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Sensitivity of simulated microphysics to the raindrop distribution shape parameter and comparisons with observations




Van Valkenburg, Kristen, author
van den Heever, Susan, advisor
Rutledge, Steven, advisor
Dolan, Brenda, committee member
Eykholt, Richard, committee member

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Representation of precipitation microphysics remains a challenge in numerical modeling. Model simulations using two-moment bulk microphysics require a priori choices, such as the rain size distribution shape parameter (ν), which is used to determine the width of the rain drop size distribution (DSD). Selection of ν is often somewhat arbitrary being due, in part, to a lack of observations on which to base such decisions. In this study, the sensitivity of rainfall characteristics to ν is assessed using numerical model simulations and compared with an observational data set. A continental deep convection (CD) case and a shallow maritime (MS) case are simulated using bin and bulk microphysical parameterizations. The model results show that accumulated precipitation in the MS case decreases 385% with increasing v, while the CD case shows minimal variability. In the CD case, where both warm-, mixed-, and ice-phase microphysical processes are occurring, graupel mixing ratios and number concentrations show a monotonic decrease with increasing ν, while hail mixing ratios and number concentrations show a monotonic increase with increasing ν. An analysis of the microphysical processes comprising the rain budget reveals the MS case shows a shifting balance between evaporation and cloud water collection with changes in ν, with increasing evaporation being the predominant influence on decreased surface precipitation. In the CD case there is notable variability in a variety of microphysical processes including important feedbacks to ice species. Cloud water collection and evaporation are the greatest contributor in the CD simulations with lower rain shape parameters. The value of ν greatly impacts contributions to the rain via melting of ice hydrometeors. As the value of ν increases, melting of ice species by collisions with rain decreases, and is near zero in the ν=10 simulation. Also, as ν increases, the rates of hail melting into rain increases. This analysis allows us to gain perspective into how the assumed rain n in bulk microphysics parameterizations impacts both warm rain processes and feeds back onto mixed-phase and ice-phase processes. In addition to the bulk parameterization sensitivity tests, both cases are also simulated using a bin microphysics scheme, where the hydrometeor size distributions are allowed to freely evolve throughout the simulation. Using appropriate fitting approaches, we evaluate the range of rain shape parameters predicted in both cases as well as the variability of ν values throughout the three-dimensional storm structure. The microphysical processes and rainfall characteristics of the bulk simulations are also evaluated relative to disdrometer observations using a previously developed 2D phase space of the intercept parameter (logNw) and median drop diameter (D0). In this framework, lower ν values in the bulk microphysics MS case correspond more closely with observations, while in the CD case, higher ν correspond more closely with observations. These findings demonstrate the sensitivity of those assumptions constraining rain DSDs in microphysical parameterizations and provide a model-to-observation comparisons to help guide a priori choices of ν necessary for more accurate simulations utilizing bulk microphysics schemes.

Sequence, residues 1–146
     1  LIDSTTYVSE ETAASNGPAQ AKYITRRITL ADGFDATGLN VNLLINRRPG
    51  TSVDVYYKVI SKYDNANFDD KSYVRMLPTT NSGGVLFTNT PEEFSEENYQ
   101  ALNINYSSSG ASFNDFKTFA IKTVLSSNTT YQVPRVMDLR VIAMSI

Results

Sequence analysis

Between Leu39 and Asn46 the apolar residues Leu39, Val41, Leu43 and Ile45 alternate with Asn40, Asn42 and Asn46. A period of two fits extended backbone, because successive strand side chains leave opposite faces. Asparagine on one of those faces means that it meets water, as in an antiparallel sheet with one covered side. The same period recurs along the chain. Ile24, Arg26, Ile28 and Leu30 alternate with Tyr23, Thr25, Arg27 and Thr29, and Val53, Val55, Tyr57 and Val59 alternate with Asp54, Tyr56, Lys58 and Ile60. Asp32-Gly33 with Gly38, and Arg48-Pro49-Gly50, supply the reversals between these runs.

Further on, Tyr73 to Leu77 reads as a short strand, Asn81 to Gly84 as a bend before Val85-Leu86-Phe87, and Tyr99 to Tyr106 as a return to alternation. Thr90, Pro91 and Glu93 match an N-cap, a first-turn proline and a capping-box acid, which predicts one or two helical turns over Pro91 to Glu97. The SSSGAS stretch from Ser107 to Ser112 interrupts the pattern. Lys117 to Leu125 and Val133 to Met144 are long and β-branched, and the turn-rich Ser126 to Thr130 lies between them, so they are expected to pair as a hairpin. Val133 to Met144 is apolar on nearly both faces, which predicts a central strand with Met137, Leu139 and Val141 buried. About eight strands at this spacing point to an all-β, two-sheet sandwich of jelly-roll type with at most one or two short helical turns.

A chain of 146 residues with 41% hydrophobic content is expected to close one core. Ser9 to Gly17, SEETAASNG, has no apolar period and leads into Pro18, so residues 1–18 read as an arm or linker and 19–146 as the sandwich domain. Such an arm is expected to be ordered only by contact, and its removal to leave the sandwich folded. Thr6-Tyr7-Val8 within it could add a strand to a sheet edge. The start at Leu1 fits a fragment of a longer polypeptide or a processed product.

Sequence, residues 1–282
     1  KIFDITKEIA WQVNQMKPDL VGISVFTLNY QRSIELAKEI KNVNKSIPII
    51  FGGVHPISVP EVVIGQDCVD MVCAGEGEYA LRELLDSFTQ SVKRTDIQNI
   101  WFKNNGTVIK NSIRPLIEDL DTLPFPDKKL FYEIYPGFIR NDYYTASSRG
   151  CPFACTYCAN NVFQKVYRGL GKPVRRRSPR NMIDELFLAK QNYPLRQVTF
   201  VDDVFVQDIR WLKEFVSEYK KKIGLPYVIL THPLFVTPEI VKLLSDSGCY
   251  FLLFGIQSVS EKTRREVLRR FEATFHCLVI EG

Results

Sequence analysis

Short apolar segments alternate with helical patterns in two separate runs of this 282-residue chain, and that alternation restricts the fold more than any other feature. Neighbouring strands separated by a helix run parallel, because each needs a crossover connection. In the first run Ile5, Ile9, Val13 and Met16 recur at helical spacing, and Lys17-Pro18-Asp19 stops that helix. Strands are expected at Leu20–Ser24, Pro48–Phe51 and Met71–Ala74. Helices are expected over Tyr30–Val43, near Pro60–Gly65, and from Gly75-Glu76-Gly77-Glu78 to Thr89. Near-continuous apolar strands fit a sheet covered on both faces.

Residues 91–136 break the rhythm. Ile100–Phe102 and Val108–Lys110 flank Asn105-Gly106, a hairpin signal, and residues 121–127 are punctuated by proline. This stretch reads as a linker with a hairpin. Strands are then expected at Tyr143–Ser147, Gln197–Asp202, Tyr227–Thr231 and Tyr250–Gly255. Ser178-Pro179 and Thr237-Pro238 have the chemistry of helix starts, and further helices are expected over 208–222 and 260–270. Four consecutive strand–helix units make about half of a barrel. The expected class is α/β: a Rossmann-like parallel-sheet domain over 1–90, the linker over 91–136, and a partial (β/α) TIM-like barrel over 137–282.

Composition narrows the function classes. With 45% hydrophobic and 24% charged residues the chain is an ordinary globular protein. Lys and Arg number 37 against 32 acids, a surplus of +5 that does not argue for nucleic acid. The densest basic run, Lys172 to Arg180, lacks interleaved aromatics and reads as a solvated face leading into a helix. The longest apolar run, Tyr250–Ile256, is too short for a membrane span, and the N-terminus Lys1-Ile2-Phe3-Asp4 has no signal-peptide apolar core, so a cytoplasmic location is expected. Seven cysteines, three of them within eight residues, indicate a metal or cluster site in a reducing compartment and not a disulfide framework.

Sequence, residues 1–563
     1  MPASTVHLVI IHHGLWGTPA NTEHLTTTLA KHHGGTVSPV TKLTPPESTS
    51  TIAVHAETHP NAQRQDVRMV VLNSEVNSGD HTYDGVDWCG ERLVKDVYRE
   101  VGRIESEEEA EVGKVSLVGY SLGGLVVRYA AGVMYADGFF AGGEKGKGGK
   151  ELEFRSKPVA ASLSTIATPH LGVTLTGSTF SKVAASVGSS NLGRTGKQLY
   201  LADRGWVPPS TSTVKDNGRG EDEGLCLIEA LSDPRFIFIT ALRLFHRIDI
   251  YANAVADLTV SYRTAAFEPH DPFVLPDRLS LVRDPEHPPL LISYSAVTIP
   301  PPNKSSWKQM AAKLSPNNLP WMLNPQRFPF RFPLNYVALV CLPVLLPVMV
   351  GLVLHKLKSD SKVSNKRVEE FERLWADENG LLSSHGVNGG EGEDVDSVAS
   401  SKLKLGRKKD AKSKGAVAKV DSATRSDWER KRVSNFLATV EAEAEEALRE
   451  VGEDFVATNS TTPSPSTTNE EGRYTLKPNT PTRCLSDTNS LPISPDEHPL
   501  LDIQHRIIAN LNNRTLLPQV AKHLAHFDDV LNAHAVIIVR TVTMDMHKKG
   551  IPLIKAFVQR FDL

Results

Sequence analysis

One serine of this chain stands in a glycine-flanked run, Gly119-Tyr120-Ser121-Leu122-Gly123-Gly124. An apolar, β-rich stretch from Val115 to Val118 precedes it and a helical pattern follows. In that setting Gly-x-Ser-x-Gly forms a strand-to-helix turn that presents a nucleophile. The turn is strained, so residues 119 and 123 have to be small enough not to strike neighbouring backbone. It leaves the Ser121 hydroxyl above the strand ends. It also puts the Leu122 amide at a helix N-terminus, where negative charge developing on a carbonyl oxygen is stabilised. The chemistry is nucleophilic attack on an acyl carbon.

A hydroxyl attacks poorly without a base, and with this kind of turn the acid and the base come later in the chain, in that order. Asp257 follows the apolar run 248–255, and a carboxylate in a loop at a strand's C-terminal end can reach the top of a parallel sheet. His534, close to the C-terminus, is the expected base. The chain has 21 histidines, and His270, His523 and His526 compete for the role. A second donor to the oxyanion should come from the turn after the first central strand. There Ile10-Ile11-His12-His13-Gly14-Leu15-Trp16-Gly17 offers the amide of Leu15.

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drop size distribution
shape parameter


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